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Want to retire on your timetable? Contribute to your accounts!

"It says the husband gets to retire when he wants and the wife should just go along."

Retired couple_photostock_FreeDigitalPhotos_ID-10033333 (2)That was the hubby this morning, reading the New York Times article on how working couples cope when they don't retire at the same time.

That's why I keep him around. He's hilarious.

A shared sense of humor is crucial to making a marriage last. So is being able to talk about money. Like how much money you'll need to retire when each of you wants.

Making sure we get our rocking chairs on the same porch at the same time is a major topic for the hubby and me. We are not alone.

A recent telephone survey found that couples discuss retirement planning an average of 14 times a year.

Saving, but not enough: The Financial Freedom telephone poll sponsored by Capital One ShareBuilder also found that 72 percent of employed adults say they're contributing an average of 6.4 percent of their annual incomes to retirement.

But they know that's not enough. Overall, people who participated in the survey believe they should be saving about double that.

Most, 58 percent, said they plan to retire by the traditional retirement age of 65, yet nearly the same percentage fear that they'll never save enough.

Another 41 percent believe they are saving less than the average person their age.

"Unfortunately, saving for retirement is often put on the back-burner for what seem like more pressing financial priorities, such as paying for college," said Dan Greenshields, president of Capital One ShareBuilder, Inc. "Now more than ever, Americans are responsible for ensuring their own financial security during retirement, and the earlier you begin to plan and save, the better."

But still confident: Despite struggles to save for retirement, the Financial Freedom survey also found that most still-working Americans are more confident when it comes to making investment decisions, including those for their retirement accounts.

Confidence also was higher in the Employee Benefits Research Institute's 2014 retirement survey.

The percentage of workers confident about having enough money for a comfortable retirement was at record lows between 2009 and 2013, but increased this year.

The EBRI survey found 18 percent are now very confident, up from 13 percent in 2013, that they will have enough money for a enjoy a comfortable retirement. Another 37 percent are somewhat confident of having a big enough nest egg.

The EBRI study, however, also found that the confident folks were almost all those who had retirement plans, including IRAs.

Nearly half of workers without a retirement plan were not at all confident about their financial security in retirement.

Retirement plan limits: The takeaway from both polls and the New York Times article is that we all need to be socking away as much as we can right now in our retirement plans.

That includes our IRAs, traditional or Roth; any workplace plan, such as a 401(k); and/or self-employed retirement plans.

Today's Daily Tax Tip offers a look at the maximum contribution amounts to the various retirement plans. It covers both 2013, since contributions can still be made to some of the accounts this year for the previous tax year, and for the 2014 tax year.

Plan type 2013 limits 2014 limits
IRA, Roth and traditional $5,500
with $1,000 catch-up contribution for those age 50 or over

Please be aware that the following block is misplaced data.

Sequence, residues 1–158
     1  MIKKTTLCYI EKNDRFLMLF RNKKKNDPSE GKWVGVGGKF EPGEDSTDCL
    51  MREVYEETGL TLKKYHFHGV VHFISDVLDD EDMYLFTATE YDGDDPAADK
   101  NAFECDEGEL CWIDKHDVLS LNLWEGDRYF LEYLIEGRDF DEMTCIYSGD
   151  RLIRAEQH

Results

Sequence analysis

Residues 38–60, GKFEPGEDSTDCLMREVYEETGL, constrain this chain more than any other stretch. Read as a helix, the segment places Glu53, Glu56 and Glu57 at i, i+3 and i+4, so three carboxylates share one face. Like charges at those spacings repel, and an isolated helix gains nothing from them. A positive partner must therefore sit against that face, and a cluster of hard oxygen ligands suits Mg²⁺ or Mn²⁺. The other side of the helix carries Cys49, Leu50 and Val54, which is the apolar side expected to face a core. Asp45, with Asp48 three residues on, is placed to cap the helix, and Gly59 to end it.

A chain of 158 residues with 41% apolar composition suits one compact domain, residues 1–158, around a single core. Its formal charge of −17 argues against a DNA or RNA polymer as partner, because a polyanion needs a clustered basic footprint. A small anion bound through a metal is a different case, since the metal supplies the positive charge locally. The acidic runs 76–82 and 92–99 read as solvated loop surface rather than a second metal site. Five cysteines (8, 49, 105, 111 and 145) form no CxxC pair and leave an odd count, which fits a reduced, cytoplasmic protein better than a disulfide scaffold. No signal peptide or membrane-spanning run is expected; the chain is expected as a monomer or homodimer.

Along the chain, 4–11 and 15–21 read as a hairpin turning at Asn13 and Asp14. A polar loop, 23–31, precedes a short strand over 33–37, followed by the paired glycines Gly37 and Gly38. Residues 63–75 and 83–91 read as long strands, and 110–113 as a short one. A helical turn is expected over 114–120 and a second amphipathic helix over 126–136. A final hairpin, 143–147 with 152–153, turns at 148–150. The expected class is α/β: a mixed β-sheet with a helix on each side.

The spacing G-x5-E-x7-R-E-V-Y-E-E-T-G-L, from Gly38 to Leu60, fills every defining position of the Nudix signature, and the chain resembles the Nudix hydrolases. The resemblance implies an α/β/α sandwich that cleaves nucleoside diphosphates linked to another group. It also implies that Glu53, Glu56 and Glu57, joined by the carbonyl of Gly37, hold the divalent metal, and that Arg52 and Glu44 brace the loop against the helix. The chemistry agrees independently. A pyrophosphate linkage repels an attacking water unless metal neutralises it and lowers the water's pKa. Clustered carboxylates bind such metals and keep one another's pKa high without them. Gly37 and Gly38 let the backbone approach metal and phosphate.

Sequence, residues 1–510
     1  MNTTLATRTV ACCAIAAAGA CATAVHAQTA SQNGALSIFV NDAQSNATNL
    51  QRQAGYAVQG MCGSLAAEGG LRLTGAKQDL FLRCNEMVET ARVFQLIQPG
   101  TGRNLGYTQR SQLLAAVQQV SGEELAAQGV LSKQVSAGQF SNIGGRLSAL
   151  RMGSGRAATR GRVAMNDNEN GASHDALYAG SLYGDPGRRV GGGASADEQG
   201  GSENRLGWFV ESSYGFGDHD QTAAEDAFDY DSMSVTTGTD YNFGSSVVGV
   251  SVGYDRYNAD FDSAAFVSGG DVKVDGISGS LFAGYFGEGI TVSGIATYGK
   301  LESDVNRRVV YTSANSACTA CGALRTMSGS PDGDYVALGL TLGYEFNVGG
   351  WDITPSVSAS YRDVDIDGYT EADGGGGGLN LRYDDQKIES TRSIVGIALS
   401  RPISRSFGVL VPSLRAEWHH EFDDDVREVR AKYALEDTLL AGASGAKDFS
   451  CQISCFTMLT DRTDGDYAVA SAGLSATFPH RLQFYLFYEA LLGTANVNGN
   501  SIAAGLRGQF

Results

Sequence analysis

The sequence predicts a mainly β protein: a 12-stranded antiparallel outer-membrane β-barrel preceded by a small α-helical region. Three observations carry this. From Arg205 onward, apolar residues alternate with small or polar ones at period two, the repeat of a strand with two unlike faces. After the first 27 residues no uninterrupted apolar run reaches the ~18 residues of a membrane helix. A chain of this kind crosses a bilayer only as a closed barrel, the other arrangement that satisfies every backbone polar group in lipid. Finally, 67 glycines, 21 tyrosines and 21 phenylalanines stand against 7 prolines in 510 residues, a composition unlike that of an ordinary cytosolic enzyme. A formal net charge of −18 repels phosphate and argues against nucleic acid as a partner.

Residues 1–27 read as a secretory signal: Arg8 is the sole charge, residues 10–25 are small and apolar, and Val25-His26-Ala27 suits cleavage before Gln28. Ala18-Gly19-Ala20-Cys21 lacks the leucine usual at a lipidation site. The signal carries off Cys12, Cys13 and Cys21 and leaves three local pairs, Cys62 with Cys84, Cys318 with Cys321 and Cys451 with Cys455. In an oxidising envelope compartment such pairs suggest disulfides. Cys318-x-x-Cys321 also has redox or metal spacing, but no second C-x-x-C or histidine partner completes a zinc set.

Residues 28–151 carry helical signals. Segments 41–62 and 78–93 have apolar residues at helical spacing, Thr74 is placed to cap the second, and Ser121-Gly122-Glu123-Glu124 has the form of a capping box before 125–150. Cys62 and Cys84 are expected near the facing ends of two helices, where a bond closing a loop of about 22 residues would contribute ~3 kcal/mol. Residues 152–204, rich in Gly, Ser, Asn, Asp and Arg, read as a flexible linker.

with $1,000 catch-up contribution for those age 50 or over
Defined contribution plans, e.g.
401(k), 403(b), 457(b)
with $5,500 catch-up contribution for those age 50 or over
with $5,500 catch-up contribution for those age 50 or over
SEP IRA $51,000 $52,000
SIMPLE IRA or 401(k) $12,000
with $2,500 catch-up contribution for those age 50 or over
with $2,500 catch-up contribution for those age 50 or over

Income contribution issues: Also keep an eye on your earnings.

There are income limits for contributing to a Roth IRA. For 2013, if you are a single or head-of-household filer and make between $112,000 and $127,000, your Roth contribution is reduced. For 2014, that earnings range is $114,000 to $129,000.

Married joint filers see a reduced Roth contribution when their combined incomes are between $178,000 and $188,000 in 2013 and $181,000 and $191,000 in 2014.

When your income exceeds the top of the range for your filing status, you can't open or contribute to a Roth IRA.

Traditional IRA account owners also need to keep an eye on their income if they are hoping to take an above-the-line deduction for those contributions and they or their spouses have a retirement plan at work.

Any deduction is reduced if in 2013 you had a workplace plan and made between $59,000 and $69,000 as a single filer or between $95,000 and $115,000 if married filing a joint return. For 2014, the earnings phaseouts are between $60,000 and $70,000 for single taxpayers and between $96,000 and $116,000 for jointly filing married couples.

If in 2013 you didn't have a workplace retirement plan, but your spouse with whom you file a joint return did, then in 2013 your deduction is reduced if your combined income is between $178,000 and $188,000. If in 2014, the joint income phaseout limit is between $181,000 and $191,000.

And either year, if you make more than the top phase-out amount for your filing status, you can't deduct your traditional IRA contribution.

The bottom line is don't just talk about retiring with your husband or wife, start or increase your contributions to all of your retirement savings. That way you and your spouse will have more time to talk about how to spend your time when you do quit working.

Editorial image of happy retired couple courtesy photostock / FreeDigitalPhotos.net

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